The Evolution Of Horseracing In The US

Horseracing is one of the most entertaining spectator sports in the world. Every passing year sees a significant rise in the number of enthusiasts that hit the tracks during the racing season. Being the biggest spectator sport with legal gambling is the main draw bringing more people to see the races. As the number of spectators increase, so does the cash pouring into the parimutuel machines. Wager-less racing has been tried several times in the US, but the interest created was short-lived. Over the years, horseracing has evolved into a multi-million dollar industry, not only in the US, but also around the world.

Before World War II, betting days of $1,000,000 made news, but now even minor tracks hit that sum. On major tracks, $3,000,000 and $4,000,000 betting days attract no attention at all.

Racing started out nearly four hundred years ago as the sport of kings, but the little man has long since taken over. In America, the little fellow took over racing when the pari-mutuel machines were attuned to the common man. A Frenchman invented the machine, but the French failed to grasp the full possibilities of how machines could help the breed improve. It was only several years later that someone suggested that the machine should sell cheaper tickets and $2 should be the base unit of trading. This gave a major impetus to horse racing and the pari-mutuel betting system was adopted in several states.

Pari-mutuel betting is the absolutely fair method by which the choices of the public automatically set the odds and determine the pay-offs. Under this system a person places a bet— by purchasing at the racetrack — tickets representing the horse of the buyer's selection. Tickets are available at $2, $5, $10, $25, $50 and $100. A machine registers each ticket as it is sold. These machines show the number of tickets sold on each horse and the total sold on all the horses. One may buy as many tickets on as many horses as he wishes. He may also back a horse to finish second or third ("place" or "show").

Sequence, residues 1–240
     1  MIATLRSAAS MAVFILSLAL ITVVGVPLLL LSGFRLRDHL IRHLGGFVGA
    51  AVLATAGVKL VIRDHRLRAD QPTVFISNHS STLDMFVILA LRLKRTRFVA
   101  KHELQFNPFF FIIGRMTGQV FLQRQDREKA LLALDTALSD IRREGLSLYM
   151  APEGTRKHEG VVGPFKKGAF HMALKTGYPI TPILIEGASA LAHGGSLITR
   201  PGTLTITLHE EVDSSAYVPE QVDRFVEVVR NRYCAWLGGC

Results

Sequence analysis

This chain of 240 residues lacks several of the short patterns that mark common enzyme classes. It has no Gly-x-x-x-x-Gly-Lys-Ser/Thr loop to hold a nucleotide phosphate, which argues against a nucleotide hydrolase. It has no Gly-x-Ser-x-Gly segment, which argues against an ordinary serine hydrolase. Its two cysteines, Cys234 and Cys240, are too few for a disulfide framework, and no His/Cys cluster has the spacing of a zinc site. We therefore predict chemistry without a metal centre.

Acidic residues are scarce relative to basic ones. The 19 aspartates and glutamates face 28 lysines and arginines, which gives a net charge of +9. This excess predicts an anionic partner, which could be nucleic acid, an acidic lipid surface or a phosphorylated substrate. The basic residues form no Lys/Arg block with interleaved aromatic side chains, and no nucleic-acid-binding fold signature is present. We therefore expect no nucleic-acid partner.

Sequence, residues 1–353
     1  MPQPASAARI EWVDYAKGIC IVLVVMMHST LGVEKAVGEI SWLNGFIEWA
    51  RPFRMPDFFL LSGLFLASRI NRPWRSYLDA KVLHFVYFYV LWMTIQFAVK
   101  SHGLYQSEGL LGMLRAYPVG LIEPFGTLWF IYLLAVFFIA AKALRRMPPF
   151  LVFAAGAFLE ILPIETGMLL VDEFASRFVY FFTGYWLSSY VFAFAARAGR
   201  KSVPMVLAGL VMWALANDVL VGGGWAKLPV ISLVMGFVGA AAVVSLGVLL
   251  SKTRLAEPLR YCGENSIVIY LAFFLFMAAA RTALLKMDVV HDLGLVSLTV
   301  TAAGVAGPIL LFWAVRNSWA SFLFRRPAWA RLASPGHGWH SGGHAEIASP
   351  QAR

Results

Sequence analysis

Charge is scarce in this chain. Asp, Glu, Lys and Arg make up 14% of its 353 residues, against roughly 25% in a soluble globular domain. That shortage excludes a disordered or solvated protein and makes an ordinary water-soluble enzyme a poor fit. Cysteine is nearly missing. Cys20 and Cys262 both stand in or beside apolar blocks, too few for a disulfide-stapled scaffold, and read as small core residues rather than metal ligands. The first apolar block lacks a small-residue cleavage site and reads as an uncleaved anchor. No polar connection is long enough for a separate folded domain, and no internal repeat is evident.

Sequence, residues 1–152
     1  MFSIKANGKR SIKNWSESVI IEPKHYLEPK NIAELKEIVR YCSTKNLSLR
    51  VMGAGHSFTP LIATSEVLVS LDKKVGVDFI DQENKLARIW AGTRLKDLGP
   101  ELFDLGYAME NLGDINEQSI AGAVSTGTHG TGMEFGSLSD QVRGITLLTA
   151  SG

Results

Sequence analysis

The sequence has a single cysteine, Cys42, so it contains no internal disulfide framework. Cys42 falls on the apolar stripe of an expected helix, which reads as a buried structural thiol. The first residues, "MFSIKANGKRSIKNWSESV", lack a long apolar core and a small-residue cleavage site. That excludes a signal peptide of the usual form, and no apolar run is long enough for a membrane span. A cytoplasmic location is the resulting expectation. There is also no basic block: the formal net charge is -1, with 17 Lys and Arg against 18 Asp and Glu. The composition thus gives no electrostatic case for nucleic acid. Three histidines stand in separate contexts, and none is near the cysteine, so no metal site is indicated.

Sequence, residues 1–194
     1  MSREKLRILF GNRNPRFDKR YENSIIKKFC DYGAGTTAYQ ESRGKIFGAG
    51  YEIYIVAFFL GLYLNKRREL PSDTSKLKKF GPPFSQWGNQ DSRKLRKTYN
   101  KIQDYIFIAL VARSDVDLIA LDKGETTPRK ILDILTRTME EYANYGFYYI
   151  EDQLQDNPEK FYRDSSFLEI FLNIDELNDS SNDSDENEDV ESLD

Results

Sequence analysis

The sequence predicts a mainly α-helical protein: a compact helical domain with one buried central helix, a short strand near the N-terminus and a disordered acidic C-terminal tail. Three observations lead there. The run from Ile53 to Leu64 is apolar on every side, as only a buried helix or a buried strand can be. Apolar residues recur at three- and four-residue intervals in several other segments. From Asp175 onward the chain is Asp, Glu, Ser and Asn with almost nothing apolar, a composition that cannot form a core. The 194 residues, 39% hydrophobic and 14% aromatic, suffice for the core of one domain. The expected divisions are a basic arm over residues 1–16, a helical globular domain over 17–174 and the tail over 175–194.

A percentage of the whole sum bet by the public— usually set by the laws of each state—is deducted for the track (racing association) and the state after the race is decided. The remainder is at once divided properly and paid to the holders of winning tickets.

The high entertainment value and the astronomical amounts of revenue generated have made horseracing a popular sport in almost all US states. New York City has in the planning stage a super-track to handle crowds of 60,000, about double the capacity of most of today's "big-time" courses.

The racing season may differ from one state to another. While earlier, racing was restricted as a summer activity, today several states host winter races as well. Since racing has become a year round phenomenon in several parts of the country, its popularity has increased all the more.

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